With a Forewod by Natan Sznaider.
This book was first published in 2016 as
Pluriel et commun. Sociologie d'un monde cosmopolite by Les Presses de Sciences Po, Paris.
Young People and the Politics of Outrage and Hope brings together contributions from international youth studies experts who ask how young people and institutions are responding to high levels of unemployment, student debt, housing costs that lock many out of home ownership, and the challenge to find meaningful modes of participation in neo-liberal social contexts. Contributors including Henry Giroux, Anita Harris and Judith Bessant, draw on a range of theoretical, methodological and empirical work to identify and debate some of the challenges and opportunities of the politics of outrage and hope that should accompany academic, community and political discussions about the futures that young people will inherit and make.
Youth, Religion, and Identity in a Globalizing Context: International Perspectives investigates the ways that young people navigate the intersections of religion and identity. As part of the Youth in a Globalizing World series, this book provides a broad discussion on the various social, cultural, and political forces affecting youth and their identities from an international comparative perspective. Contributors to this volume situate the experiences of young people in Canada, the United States, Germany, and Australia within a globalized context. This volume explores the different experiences of youth, the impact of community and processes of recognition, and the reality of ambivalence as agency.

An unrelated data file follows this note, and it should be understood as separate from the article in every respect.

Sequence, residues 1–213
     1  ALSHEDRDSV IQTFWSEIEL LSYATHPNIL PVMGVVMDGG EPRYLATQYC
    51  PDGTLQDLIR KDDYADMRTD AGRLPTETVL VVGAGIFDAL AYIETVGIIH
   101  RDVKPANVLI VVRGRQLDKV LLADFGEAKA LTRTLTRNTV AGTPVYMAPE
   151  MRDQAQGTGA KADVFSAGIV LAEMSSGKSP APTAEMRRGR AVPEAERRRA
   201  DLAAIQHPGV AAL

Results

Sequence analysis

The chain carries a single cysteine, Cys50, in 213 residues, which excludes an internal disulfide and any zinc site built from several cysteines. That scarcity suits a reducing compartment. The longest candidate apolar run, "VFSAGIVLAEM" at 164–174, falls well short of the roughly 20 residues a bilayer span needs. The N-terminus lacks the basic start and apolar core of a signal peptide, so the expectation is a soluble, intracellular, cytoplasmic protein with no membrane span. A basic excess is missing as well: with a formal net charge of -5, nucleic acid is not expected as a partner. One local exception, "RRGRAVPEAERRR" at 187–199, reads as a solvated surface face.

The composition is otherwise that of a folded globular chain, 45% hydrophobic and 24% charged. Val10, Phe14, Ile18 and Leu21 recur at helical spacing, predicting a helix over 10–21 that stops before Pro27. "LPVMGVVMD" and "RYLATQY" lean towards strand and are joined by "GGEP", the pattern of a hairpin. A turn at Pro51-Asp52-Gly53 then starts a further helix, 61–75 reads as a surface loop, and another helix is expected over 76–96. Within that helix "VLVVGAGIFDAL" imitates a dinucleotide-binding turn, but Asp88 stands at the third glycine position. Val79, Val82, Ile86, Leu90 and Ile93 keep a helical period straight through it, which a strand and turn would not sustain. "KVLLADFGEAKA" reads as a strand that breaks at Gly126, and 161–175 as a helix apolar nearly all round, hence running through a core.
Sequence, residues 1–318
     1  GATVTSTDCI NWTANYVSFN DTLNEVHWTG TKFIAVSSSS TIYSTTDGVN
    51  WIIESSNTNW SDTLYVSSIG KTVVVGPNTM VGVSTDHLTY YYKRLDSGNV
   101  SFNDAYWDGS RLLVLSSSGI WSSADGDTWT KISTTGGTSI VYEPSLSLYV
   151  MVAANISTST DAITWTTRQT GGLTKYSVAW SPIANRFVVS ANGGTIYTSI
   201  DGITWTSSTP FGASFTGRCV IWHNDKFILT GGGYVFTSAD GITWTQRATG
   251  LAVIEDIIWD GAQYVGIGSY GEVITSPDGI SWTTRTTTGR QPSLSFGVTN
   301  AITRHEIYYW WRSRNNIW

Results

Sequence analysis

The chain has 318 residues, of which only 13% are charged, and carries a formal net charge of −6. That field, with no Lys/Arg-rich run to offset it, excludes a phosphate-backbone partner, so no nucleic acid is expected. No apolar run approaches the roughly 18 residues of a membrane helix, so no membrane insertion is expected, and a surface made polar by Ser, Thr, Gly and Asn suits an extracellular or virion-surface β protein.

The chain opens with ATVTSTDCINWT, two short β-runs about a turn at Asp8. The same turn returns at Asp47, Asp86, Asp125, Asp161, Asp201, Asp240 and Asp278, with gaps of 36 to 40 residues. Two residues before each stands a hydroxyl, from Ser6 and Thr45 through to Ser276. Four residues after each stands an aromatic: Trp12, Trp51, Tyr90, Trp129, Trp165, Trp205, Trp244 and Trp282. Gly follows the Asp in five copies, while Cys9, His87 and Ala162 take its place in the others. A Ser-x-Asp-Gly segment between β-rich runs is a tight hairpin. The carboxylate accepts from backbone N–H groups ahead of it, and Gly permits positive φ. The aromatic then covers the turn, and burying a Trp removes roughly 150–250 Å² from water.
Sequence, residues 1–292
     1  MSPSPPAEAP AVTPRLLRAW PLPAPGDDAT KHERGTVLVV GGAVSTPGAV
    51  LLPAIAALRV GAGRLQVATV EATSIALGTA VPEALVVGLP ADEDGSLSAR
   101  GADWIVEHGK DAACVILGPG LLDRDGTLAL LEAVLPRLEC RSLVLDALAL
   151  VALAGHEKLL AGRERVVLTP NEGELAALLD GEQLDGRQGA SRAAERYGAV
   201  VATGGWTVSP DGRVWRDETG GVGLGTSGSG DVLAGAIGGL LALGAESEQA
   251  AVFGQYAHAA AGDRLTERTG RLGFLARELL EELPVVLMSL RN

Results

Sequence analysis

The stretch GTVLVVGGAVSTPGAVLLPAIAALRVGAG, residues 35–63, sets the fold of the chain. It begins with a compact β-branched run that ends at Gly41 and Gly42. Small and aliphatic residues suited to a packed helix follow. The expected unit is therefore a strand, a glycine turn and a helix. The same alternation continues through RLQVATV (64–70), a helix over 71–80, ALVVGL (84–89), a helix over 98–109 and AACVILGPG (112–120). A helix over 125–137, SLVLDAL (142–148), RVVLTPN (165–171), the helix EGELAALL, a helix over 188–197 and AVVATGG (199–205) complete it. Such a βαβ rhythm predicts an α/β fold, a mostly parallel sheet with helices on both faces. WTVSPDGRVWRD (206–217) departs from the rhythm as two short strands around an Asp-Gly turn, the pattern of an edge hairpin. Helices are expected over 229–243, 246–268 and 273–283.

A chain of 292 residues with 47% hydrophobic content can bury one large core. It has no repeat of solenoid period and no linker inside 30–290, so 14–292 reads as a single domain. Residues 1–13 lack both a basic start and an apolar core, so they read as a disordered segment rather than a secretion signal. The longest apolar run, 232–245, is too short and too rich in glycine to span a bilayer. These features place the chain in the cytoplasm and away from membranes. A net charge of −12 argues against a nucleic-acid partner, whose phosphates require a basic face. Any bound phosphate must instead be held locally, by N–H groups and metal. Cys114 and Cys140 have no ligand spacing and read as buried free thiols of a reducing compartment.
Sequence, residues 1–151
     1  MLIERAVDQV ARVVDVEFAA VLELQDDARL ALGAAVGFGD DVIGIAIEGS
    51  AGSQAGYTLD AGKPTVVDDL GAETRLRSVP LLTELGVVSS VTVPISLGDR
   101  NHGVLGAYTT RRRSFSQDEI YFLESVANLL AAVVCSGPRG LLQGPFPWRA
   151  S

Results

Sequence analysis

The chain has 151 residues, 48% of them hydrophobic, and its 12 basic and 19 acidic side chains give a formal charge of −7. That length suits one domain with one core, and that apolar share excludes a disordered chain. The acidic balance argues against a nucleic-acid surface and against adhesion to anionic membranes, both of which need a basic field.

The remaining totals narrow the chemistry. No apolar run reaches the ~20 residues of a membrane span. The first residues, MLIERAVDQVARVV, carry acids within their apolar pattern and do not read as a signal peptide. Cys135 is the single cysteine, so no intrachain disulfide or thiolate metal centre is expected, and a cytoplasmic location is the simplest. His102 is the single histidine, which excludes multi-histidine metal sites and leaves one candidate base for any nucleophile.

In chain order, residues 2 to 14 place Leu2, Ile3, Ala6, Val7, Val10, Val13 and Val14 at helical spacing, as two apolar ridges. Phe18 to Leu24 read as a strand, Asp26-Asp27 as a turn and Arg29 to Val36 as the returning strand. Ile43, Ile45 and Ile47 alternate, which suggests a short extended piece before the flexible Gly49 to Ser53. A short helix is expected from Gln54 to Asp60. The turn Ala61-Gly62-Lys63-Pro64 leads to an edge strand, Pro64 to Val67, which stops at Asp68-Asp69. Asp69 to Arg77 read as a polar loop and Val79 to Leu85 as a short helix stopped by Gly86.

Feminicides of Girl Children in the Family Context: An International Human Rights Law Approach, Clara Chapdelaine-Feliciati examines the issue of feminicide, more specifically female infanticide, and the extent to which it is addressed under international law. For this purpose, she explores the origins of son preference and ‘daughter devaluation’, and the myriad factors that underpin female infanticide. Legal semiotics is employed to analyse legislation and case law, and assess whether the provisions of the
International Covenant on Civil and Political Rights(ICCPR 1966) sufficiently protect girl children. Amendments to the ICCPR are proposed to clarify States parties’ duty of due diligence and ensure that the crime of female infanticide is effectively prohibited, investigated, and prosecuted.
This set of essays critically analyze global citizenship by bringing together leading ideas about citizenship and the commons in this time that both needs and resists a global perspective on issues and relations. Education plays a significant role in how we come to address these issues and this volume will contribute to ensuring that equity, global citizenship, and the common wealth provide platforms from which we might engage in transformational, collective work. The authors address the global significance of debates and struggles about belonging and abjection, solidarity and rejection, identification and othering, as well as love and hate.